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"Make Your Own Kind of Music" was the name of the song played in the opening scene most famously performed by "Mama" Cass Elliot on her 1969 album Bubblegum, Lemonade and Something for Mama.
The location of Kelvin's death is the same place we saw the 'tailies' in Abandoned, when (whilst carrying the unconscious Sawyer back to the beach) Mr Eko says he does not want to cross those rocks, but travel through the jungle instead.
Goof: The Oceanic airplane is supposed to be a Boeing 777, but when you see Jack running through the wreckage you can see that the main landing gear of the plane has only 4 wheels instead of the six a B-777 would have. Also, when Kate, Jack and Charlie reach the front section of the plane, in several shots where you can see the instruments of the cockpit, there are 3 engine indicators instead of the two a 777 would have.
"Black and white" myth:
Charlie put white tape on his fingers, and write "Fate" with a black marker.
There's a deleted scene that takes place during the night: Hurley approaches Locke, and asks him if he wants to eat chicken or lasagna (food he recovered from the plane). Locke doesn't answer, and stares at the sky. Hurley leaves.
Numbers: 8: Claire says she's 8 months pregnant. The pilot has 8 stripes on his shoulders. 16: Jack's first surgery was done on a 16 year old girl. When Jack, Kate and Charlie find the pilot of Oceanic Flight 815, Jack tells the pilot that they crashed 16 hours ago. 23: The number of the seat that Jack was seated on in the plane was 23. The plane's flight number, "eight-fifteen", totals 23 when adding 8 and 15. 4, 8: Jack says that there are 48 survivors. 815: The crashed flight's number is Oceanic 815.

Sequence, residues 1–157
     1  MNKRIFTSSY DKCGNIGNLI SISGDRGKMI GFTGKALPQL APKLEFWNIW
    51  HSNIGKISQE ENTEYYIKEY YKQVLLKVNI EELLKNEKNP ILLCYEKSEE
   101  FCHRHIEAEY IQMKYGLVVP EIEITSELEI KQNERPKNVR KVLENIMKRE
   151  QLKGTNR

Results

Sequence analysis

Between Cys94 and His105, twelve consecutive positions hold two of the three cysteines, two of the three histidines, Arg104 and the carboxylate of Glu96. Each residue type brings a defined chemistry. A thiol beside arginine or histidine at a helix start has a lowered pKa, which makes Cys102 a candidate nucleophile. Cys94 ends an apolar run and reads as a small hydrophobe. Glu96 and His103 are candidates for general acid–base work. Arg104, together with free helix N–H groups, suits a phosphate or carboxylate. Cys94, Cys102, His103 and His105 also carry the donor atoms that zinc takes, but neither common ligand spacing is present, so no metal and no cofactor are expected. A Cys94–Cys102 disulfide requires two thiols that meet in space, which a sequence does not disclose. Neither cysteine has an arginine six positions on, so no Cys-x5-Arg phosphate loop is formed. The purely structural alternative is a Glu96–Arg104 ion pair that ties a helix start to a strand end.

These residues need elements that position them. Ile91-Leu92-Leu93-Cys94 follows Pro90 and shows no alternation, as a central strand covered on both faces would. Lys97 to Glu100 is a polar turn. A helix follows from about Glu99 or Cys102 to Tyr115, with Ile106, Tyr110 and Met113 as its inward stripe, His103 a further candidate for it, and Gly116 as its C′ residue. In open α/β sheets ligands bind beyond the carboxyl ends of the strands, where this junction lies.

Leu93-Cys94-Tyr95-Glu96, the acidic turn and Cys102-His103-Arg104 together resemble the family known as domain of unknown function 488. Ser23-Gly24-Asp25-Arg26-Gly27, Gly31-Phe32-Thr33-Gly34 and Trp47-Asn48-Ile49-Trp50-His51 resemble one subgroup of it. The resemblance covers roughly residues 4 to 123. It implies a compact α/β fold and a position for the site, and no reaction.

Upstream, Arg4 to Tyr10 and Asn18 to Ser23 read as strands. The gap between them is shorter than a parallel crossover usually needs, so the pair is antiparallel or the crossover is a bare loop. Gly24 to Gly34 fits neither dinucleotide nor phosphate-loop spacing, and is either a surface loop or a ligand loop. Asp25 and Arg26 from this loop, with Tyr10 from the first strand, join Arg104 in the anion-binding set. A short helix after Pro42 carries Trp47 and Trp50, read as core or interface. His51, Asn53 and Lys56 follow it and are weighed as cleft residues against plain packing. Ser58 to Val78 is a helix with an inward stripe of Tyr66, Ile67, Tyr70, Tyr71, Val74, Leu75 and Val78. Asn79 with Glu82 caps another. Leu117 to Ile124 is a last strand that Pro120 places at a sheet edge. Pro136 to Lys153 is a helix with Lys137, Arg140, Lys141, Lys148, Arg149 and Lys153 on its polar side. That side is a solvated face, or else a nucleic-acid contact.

The production budget for the two-hour pilot was $11.5 million, making it the most expensive pilot in TV history and far greater than the cost of most television shows. This led to Disney firing ABC Entertainment Chairman Lloyd Braun for greenlighting the show, which went on to become ABC's biggest hit in years.
When Jack, Kate and Charlie are venturing into the jungle, they step over something that is assumed to be a log or something of that sort. In the commentary, they explained that what they actually stepped over was tracks for the dolley.
When Charlie offers to go on the hike with Jack and Kate, the camera switches to a close up of Jack and what is supposed to be Charlie's hair, but it is really Sawyer's hair, not Charlie's. In an earlier draft of the pilot, Sawyer was supposed to come up and talk to Jack and the others, but when they cut that out, they left the shot of Sawyer's hair.
Some characters are based in real life people:
-James Ford (Sawyer): Civic leader and pirate.
-John Locke: British empiricist.
-Kate Austen: American journalist and advocate of feminist and anarchist causes.
-Michael Dawson: English professional rugby player.
-Steve Jenkins: Wales international rugby player.
The man that is sucked into the turbine in the beginning of the episode was later confirmed by the producers as being Gary Troup, the author of Bad Twin. This was a book made up for the show and Hurley and Sawyer are seen reading it later in the series. However, a full version of the book was released to the public on May 2, 2006.